Tags: vim shell
Tokyo Westerns CTF (2018) — vimshell
> Can you escape from [jail](http://vimshell.chal.ctf.westerns.tokyo/)?
## Opening the challenge
![Interface upon opening](https://raw.githubusercontent.com/ctf-epfl/writeups/master/twctf18/vimshell/zz_1.png)
When opening the challenge, we can see a shell with what looks like a Git diff file shown in the vim editor. The diff shows that the config has been modified to disable the `:`, `Q` and `g` keys. I wasn't sure about usage of `Q` and `g`, but `:` is the way to start all kinds of commands in vim.
## Trying to quit vim
Since I am not a vim power-user, I did a lot of googling to find ways to go around those limitations. From the hint, and the common joke that people always have a hard time quitting vim, I started by looking for ways to exit the editor without `:wq`. I quickly found `shift+ZZ`, but this only resulted in a "Connection closed" message:
![Trying to quit vim](https://raw.githubusercontent.com/ctf-epfl/writeups/master/twctf18/vimshell/zz_2.png)
## Opening man pages
So it seems that quitting isn't what we're supposed to do. How about executing arbitrary shell commands? I knew that `:!some_command` would execute `some_command` in the shell. But we don't have direct access to command mode (because `:` is disabled).
In the [vim manual](http://vimdoc.sourceforge.net/htmldoc/intro.html), I looked for other ways to reach command mode, but had no luck:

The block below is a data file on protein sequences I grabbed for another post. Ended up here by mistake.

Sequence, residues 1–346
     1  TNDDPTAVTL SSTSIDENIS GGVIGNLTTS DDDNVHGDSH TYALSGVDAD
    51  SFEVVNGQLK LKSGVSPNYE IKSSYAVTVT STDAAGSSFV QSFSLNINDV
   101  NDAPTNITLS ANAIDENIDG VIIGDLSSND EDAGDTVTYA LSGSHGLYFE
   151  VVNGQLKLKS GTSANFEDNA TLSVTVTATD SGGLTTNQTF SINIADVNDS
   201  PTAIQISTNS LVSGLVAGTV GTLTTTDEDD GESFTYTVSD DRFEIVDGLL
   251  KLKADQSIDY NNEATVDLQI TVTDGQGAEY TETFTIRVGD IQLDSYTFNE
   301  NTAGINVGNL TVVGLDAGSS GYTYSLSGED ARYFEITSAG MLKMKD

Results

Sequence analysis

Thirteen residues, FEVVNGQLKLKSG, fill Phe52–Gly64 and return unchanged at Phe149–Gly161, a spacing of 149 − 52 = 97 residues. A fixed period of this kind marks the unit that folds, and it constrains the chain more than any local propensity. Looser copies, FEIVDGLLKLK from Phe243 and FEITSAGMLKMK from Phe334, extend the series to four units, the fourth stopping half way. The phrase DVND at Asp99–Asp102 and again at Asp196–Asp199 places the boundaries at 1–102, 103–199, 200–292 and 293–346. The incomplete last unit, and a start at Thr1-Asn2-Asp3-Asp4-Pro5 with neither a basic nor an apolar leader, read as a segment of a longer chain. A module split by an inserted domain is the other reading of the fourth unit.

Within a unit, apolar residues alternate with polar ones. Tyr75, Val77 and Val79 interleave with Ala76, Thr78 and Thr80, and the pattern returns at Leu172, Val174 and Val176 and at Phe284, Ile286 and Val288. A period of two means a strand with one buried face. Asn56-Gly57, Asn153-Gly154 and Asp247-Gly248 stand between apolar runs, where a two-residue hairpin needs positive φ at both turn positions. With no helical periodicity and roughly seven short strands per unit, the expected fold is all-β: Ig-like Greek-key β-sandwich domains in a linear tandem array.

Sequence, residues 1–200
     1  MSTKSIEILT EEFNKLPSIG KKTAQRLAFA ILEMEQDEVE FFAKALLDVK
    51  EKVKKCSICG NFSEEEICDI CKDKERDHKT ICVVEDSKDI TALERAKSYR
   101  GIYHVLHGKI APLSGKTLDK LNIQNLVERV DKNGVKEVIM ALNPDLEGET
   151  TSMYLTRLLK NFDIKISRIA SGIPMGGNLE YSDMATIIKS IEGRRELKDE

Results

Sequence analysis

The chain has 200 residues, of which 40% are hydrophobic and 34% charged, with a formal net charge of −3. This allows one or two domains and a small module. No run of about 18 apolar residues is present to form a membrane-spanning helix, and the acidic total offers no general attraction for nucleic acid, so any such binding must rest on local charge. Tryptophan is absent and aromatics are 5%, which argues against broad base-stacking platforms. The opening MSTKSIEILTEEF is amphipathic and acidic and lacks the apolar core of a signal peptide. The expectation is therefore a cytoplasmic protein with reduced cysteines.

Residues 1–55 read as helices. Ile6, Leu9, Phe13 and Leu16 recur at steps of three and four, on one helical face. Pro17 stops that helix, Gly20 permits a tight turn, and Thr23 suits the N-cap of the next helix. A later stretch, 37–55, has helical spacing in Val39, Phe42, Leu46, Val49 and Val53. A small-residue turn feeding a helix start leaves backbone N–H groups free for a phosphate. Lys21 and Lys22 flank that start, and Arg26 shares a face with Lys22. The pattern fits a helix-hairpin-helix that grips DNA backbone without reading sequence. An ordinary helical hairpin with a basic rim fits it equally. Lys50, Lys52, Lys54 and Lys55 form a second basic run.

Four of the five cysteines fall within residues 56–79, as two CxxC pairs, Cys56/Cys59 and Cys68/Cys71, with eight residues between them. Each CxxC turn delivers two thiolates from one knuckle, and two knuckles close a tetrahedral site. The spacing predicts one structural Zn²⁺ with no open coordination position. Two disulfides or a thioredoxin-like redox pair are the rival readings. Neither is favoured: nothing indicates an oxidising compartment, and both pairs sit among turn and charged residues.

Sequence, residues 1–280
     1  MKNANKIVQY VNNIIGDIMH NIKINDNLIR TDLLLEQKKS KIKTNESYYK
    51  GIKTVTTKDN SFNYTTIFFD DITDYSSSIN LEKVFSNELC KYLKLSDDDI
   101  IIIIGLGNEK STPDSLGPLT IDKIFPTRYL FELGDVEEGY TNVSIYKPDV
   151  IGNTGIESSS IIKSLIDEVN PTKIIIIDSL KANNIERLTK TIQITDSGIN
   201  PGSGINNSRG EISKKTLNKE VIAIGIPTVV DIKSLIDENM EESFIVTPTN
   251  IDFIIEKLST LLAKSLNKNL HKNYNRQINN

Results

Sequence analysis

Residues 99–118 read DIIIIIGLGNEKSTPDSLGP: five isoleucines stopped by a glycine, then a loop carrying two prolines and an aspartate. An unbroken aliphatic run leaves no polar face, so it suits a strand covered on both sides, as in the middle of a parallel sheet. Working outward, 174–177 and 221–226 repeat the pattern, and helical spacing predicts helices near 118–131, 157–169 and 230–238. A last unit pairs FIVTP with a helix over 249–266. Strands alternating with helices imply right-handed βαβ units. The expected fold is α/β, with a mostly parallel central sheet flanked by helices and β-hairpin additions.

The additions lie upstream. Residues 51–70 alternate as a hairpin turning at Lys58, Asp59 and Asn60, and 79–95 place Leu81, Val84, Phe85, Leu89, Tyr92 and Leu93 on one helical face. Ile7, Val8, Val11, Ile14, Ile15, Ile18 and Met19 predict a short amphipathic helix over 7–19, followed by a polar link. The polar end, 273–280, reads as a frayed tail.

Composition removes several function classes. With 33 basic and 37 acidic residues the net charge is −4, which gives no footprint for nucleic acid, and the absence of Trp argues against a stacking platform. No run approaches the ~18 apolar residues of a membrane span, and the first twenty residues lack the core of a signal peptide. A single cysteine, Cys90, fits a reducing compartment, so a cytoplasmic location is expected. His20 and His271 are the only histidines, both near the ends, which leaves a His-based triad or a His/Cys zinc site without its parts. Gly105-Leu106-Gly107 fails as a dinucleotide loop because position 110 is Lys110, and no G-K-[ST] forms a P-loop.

![Vim mode switching features](https://raw.githubusercontent.com/ctf-epfl/writeups/master/twctf18/vimshell/zz_6.png)
It didn't seem to be possible to reach command mode in a way that wasn't disabled. That's when I thought:
> Ha, since we can move around and write in this document, would there be a way to execute a command written under the cursor?
So I searched for this and found [this StackOverflow question](https://stackoverflow.com/q/2736085/3792942) which taught me that we can open the `man` page for the word under the cursor with `shift+K`:
![Opening man pages](https://raw.githubusercontent.com/ctf-epfl/writeups/master/twctf18/vimshell/zz_3.png)
Before even going further, I tried again the `!` binding in this new man view. To my surprise, it worked! Since we had a way to execute shell commands, it was easy to locate the flag by looking around the filesystem with `ls`, and printing it wit `cat`.
![Opening man pages](https://raw.githubusercontent.com/ctf-epfl/writeups/master/twctf18/vimshell/zz_5.png)
We got the flag!